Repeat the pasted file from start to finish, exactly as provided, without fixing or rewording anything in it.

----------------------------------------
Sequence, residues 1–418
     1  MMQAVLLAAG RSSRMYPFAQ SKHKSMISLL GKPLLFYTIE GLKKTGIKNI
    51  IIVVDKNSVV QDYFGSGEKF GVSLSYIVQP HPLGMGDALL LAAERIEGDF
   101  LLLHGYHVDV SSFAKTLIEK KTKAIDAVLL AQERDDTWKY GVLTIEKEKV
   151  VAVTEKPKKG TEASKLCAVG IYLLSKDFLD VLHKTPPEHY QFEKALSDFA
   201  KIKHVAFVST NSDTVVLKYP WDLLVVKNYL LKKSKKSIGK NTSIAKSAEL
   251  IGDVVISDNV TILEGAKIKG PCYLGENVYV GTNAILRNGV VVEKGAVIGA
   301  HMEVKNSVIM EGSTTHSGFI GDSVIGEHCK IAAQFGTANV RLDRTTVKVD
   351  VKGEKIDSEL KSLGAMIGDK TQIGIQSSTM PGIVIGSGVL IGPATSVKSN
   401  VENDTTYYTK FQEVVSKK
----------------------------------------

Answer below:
Sequence, residues 1–418
     1  MMQAVLLAAG RSSRMYPFAQ SKHKSMISLL GKPLLFYTIE GLKKTGIKNI
    51  IIVVDKNSVV QDYFGSGEKF GVSLSYIVQP HPLGMGDALL LAAERIEGDF
   101  LLLHGYHVDV SSFAKTLIEK KTKAIDAVLL AQERDDTWKY GVLTIEKEKV
   151  VAVTEKPKKG TEASKLCAVG IYLLSKDFLD VLHKTPPEHY QFEKALSDFA
   201  KIKHVAFVST NSDTVVLKYP WDLLVVKNYL LKKSKKSIGK NTSIAKSAEL
   251  IGDVVISDNV TILEGAKIKG PCYLGENVYV GTNAILRNGV VVEKGAVIGA
   301  HMEVKNSVIM EGSTTHSGFI GDSVIGEHCK IAAQFGTANV RLDRTTVKVD
   351  VKGEKIDSEL KSLGAMIGDK TQIGIQSSTM PGIVIGSGVL IGPATSVKSN
   401  VENDTTYYTK FQEVVSKK